Requirements for the Doctor of Philosophy degree in English and American literature include the completion of 72 points and the following specific course requirements: Four doctoral seminars, selected from ENGL-GA 3100 through ENGL-GA 3969, Guided Research, ENGL-GA 3002, in preparation for Doctoral Examination, Dissertation Seminar I, ENGL-GA 3981, in preparation for submission of the dissertation proposal, Dissertation Seminar II, ENGL-GA 3982, consisting of oral defense of the Dissertation Proposal and beginning of writing and research of dissertation, Pedagogy, ENGL-GA 3985, taken during the first semester in which teaching is anticipated, and Workshop on Professional Practices, ENGL-GA 3980, which must be taken in the student’s fourth year in the program. One doctoral seminar or elective must focus primarily on a historical period prior to 1800, and a second must focus primarily on a period after 1800.
Students must also pass the Doctoral Examination, based on two individualized reading lists covering two historical fields (one of which is designated the major field, and the other the minor field) and a third topics list. The examination fields are: medieval; Renaissance; 18th-century British; Romantic; 19th-century British; 20th-century British; American: beginning to 1865; American: 1865 to present; African American literature; colonial and postcolonial studies; literature of the Americas; transatlantic studies; and modern drama. The written examination is supervised by a committee of three faculty members chosen by the student.
Students must also demonstrate language proficiency beyond the English language. This requirement may be satisfied either before or after matriculation at NYU by demonstrating either (a) advanced proficiency in one language by completing the sixth term of an acceptable college language course with a grade of B or better or by passing a language examination at a comparable level of proficiency or (b) proficiency in two languages by completing the equivalent of four semesters of acceptable college work. The final course or examination establishing proficiency must have been completed no more than two years prior to matriculation for the Ph.D. program. The language(s) offered must be relevant to the dissertation research and scholarly practice of the field in which the student intends to work, and the department reserves the right to require a particular language on these grounds. Any student whose first language is not English should see the director of graduate studies to discuss the use of that language to fulfill (or partially fulfill) the requirement.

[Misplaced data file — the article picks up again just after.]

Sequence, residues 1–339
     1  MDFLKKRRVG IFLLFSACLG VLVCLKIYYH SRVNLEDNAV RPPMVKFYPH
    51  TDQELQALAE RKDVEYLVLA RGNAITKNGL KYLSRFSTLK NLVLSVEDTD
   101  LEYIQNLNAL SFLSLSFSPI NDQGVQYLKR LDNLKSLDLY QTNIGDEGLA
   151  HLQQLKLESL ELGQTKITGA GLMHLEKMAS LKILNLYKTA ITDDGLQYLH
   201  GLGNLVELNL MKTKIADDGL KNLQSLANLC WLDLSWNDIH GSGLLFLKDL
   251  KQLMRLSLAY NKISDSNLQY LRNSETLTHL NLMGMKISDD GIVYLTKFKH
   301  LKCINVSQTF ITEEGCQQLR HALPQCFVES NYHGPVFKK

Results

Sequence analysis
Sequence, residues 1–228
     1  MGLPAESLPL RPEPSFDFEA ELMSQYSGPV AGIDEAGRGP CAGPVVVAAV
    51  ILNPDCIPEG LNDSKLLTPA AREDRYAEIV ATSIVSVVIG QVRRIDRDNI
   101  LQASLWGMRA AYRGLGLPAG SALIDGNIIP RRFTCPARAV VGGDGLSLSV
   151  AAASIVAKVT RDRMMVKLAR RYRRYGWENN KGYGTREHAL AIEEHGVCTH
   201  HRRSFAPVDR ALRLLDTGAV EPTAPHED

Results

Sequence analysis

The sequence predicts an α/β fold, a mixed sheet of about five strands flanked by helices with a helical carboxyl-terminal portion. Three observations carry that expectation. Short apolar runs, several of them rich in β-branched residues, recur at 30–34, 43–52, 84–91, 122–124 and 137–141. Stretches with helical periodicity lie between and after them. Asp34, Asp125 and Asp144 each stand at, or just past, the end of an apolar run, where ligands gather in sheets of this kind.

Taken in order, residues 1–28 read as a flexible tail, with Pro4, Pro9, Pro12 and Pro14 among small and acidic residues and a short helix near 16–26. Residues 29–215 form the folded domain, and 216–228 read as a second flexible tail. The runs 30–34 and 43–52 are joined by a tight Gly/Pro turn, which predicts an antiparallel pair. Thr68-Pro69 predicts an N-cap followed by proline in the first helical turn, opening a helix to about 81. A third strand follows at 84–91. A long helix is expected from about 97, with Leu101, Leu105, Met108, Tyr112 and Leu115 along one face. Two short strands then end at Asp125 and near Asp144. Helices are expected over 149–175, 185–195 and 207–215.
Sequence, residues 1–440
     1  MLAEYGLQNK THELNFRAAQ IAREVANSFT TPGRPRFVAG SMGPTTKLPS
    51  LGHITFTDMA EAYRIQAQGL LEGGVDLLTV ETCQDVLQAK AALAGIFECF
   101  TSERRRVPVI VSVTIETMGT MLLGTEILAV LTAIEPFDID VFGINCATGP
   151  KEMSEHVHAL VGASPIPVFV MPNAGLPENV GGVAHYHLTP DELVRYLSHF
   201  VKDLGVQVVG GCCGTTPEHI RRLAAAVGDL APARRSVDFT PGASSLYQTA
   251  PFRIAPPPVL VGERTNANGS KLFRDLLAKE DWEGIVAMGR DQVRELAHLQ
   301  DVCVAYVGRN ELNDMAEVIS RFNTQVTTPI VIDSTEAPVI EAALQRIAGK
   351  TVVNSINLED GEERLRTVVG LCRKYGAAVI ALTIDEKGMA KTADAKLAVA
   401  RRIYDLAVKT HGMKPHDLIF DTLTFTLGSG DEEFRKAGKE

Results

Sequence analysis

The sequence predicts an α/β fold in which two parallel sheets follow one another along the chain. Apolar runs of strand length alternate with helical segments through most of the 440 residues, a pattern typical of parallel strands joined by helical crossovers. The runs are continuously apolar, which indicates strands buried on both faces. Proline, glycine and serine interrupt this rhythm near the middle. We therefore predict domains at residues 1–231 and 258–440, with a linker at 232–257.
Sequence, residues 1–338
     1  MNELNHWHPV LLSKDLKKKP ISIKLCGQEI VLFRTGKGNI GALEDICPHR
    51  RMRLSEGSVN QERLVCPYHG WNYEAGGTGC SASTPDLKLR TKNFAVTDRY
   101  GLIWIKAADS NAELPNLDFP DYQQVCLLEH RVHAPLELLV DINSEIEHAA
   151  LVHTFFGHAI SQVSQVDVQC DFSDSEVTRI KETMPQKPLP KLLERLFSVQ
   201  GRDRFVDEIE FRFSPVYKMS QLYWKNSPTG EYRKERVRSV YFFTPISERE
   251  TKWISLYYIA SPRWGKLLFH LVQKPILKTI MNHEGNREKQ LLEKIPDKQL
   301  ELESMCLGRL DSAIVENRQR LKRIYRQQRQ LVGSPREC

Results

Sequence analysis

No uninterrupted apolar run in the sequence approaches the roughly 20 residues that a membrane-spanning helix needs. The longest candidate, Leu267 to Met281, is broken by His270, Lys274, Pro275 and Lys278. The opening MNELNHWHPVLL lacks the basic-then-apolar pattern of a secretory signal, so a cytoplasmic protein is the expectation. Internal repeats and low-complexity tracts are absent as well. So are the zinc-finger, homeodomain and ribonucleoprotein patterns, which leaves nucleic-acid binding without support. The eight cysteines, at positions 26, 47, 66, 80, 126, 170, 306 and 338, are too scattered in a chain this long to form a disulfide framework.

The final requirement is a completed dissertation and an oral defense of the dissertation. The dissertation must be approved for defense by the director and core committee before the examination is convened. Some revision, including the mandatory correction of any errors, may be required as a result of the defense. The examining board consists of five members of the graduate faculty, the core committee plus two additional committee members. In this final examination, the candidate is questioned for one hour on the dissertation. If the candidate fails the oral defense of the dissertation, a second examination is permitted, resulting either in a pass or in elimination from the Ph.D. program.
Concentration in Medieval and Renaissance Studies: The concentration in Medieval and Renaissance Studies is interdisciplinary in nature and creates a framework and community for diverse approaches to the study of the Middle Ages and Renaissance. It complements doctoral students’ work in their home departments with interdisciplinary study of the broad range of culture in the medieval and early modern periods, as well as of the theories and methods that attend them. The concentration is designed to train specialists who are firmly based in a traditional discipline but who can work across disciplinary boundaries, making use of varied theoretical approaches and methodological practices. The concentration consists of twenty credits distributed under the following courses: Proseminar in Medieval and Renaissance Studies, MEDI-GA 1100, Late Latin and Early Vernaculars, MEDI-GA 2100 or other approved course, and Medieval and Renaissance Studies Workshop, MEDI-GA 2000, 2 points per semester taken twice in an academic year. Students must also take one approved course in the area of Medieval and Renaissance Media: Visual and Material Cultures, and one approved course in a medieval or early modern topic. At least one course, not counting either the Proseminar or Workshop, must be taken outside a student’s home department. In addition, students pursuing the concentration will present a paper at least once either in the Workshop or in a conference offered by the Medieval and Renaissance Center.